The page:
Blogging from the Highlands of Scotland until I return to the Murcia region
of Spain in the Spring for several weeks

'From fanaticism to barbarism is only one step' - Diderot

Saturday, 31 January 2015

My take on the "Gay Pardons" campaign

A campaign to "pardon" about 49,000 men who were convicted under laws outlawing male homosexuality (no such law ever existed for females) has recently begun to achieve a much higher profile than formerly, specially since the brilliant code-breaker Alan Turing was the object of a public "unequivocal apology" by then Prime Minister Gordon Brown MP in 2009, then in 2013 he was granted a Royal Pardon by Her Majesty the Queen. Alan Turing died by suicide in 1954, after having been convicted of "gross indecency" in 1952 and offered a choice of prison or "chemical castration" as punishment for his crime (i.e. what was considered a crime at the time).

The basis of the campaign, apart from being a desire to right a wrong, or "gross indecency" (geddit? -Ed) in fact in the law then and its application, is because it is contended (rightly in my view) that every person convicted under this unfair law was just as wronged by it as was Alan Turing. A new film production of the life of Alan Turing, called The Imitation Game, starring Benedict Cumberbatch who plays the role of Alan Turing, has obviously raised the profile of this historic injustice.

So, what do I think of all this? Well I am generally in favour of the campaign, although I have certain reservations about it and similar pardons for other historic injustices. Specifically, Alan Turing was driven to commit suicide in 1954 by the atrocious treatment meted out to him. Comforting as it may be to some of his family now living for this recognition of the wrong he suffered, he is himself no longer in a position to care one way or the other. A wrong has been done which can NEVER be righted, however many times a government of our time says "sorry" or Her Majesty grants a Pardon, no doubt issued on the recommendation of the government in place in 2013 under David Cameron, as it tries to make amends.

The same applies to any of the other 49,000 who are, like Alan Turing, dead. If any of these individuals are still alive then a Royal Pardon might have some real value to them, but for those of them who are dead it serves no real purpose, other than to try and salve the conscience of "the country" collectively. As readers here know, I am a cynical soul, so I cannot refrain from pointing out that one of the principal reasons, in my opinion, for waiting until most or all of these individuals are dead is because compensation claims can be avoided. Granting the Pardon during a person's lifetime would almost inevitably leave the government open to substantial compensation claims.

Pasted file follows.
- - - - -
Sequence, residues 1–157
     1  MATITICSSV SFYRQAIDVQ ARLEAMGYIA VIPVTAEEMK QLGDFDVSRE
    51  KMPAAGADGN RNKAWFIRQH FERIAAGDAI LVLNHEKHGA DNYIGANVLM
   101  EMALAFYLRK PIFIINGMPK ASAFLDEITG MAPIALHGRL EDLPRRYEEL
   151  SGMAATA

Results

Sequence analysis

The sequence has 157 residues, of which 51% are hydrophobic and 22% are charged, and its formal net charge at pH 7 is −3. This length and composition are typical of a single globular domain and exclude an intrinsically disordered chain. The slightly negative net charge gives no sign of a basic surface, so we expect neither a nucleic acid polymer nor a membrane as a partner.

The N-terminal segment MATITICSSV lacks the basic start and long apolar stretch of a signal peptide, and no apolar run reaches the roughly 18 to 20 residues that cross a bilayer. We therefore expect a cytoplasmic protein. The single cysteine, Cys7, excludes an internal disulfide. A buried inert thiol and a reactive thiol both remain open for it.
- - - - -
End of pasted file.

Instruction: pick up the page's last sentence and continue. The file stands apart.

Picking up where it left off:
I feel the same about other historic apologies or Pardons where those directly affected are no longer alive (e.g. US citizens of Japanese descent automatically interned during WWII without looking at individual cases, similar internments of German citizens here during WWII, including some Jewish people who had fled Germany to save their lives).

No, what would be of more value, would be cessation of certain government policies today that are just as awful, for example the repatriation of asylum seekers who are gay to countries where homosexuality is not tolerated, with the near certainty that such people will be abused or in extreme cases even executed in their home countries:
- Two gay asylum seekers deported from UK (a case from 2008);
- Ugandan woman branded by iron over sexuality faces deportation from UK (a case from 2011);
- Report tells Home Office: Don’t ask gay asylum seekers ‘sexually explicit questions’ (report from October 2014).
(Whilst I accept it may be difficult to ascertain fully if claims by an asylum-seeker that he or she is homosexual and in genuine fear of returning back to their home country for that reason are true, we know enough about the policies and practices in many of the relevant countries to be sure of what would probably happen if their homosexuality were to be discovered; telling someone to "behave discreetly" so as not to draw attention to himself or herself is laughable and insulting. It seems that the desire of mainstream political parties of the left and right to placate the "anti-immigration lobby" and political Parties such as UKIP is perhaps making our government blur the lines of what is acceptable.)

In summary, it is all very well for our government to issue rather meaningless apologies and Pardons to people who are for the most part dead, but a more concrete illustration of a real change in behaviour would be the righting of current rather than historic wrongs as they relate to homosexuals. In other words, by all means Talk the Talk, but you must also Walk the Walk.

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